Managing the agent network is most critical for the success of this model. Agents conduct cash-in and cash-out (CICO) functions, enabling customers to convert cash into electronic money and back again in convenient locations. In the eyes of the customer, the agent is the face of the company. This means that the agent can either build or destroy trust and credibility. Many providers focus on building agent networks as fast as possible, without paying careful attention to the agents’ business case and profitability. Experts suggest three key tenets in managing an agent network: (1) grow customer base and the network in tandem; (2) understand agent economics and risk — the business case for agents is not that simple and (3) enroll agents who have the right skills and dedication, and prepare to train and retrain.
For the financial inclusion industry to be able to capitalise fully on the benefits of digital financial services, it is important that the accompanying risks are understood and adequately addressed. New technology is not only delivering considerable benefits to the financial inclusion market, but also creating new risks. Though these risks cannot be eliminated, they can be mitigated. We need to keep in mind concerns of security, affordability and safety of these new financial channels. With many opportunities provided by ground-breaking technology and innovative business operations, also comes new risks which relates to implementing digital financial services that extend far beyond operational and technical risks. Loss of privacy is the most obvious risk. Indeed, despite efforts to create all safeguards, it is all but inevitable.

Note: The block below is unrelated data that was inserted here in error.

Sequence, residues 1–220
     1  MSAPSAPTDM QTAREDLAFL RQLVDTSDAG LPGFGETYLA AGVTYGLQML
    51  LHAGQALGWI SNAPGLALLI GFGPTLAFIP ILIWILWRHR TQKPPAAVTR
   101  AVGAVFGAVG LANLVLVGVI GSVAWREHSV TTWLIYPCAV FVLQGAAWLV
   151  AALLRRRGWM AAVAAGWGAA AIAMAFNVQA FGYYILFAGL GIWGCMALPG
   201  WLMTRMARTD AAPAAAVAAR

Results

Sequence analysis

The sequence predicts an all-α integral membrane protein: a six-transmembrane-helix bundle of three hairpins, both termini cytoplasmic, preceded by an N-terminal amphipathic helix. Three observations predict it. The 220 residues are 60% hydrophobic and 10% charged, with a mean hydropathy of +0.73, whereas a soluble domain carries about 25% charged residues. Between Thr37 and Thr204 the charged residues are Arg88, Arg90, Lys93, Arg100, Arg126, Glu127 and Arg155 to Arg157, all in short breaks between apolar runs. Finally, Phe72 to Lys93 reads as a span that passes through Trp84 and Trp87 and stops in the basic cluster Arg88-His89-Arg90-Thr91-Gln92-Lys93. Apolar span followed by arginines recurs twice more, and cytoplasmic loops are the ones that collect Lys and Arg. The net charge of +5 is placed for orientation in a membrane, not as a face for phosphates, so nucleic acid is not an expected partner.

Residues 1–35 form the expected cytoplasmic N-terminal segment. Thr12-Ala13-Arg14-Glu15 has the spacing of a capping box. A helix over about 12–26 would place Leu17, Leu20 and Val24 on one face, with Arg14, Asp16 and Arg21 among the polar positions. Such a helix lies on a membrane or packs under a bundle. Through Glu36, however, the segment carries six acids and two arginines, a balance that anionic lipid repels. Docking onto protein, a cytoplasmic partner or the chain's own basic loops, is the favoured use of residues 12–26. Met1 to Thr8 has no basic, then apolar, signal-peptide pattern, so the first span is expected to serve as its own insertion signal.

It is now becoming clear that business correspondents may not be able to handle the entire range of banking services, particularly credit functions. It is only larger entities, with competent manpower and proper logistical support, that can handle the credit functions required for modern banks. Efforts must be made to train business correspondents and enlarge their responsibilities in a graduated manner. When the business correspondents reach a higher level of turnover, they can be endowed with commensurate financial responsibilities. We also need a graded system of certification of business correspondents, from basic to advance training, so as to arm them with equivalent financial tasks.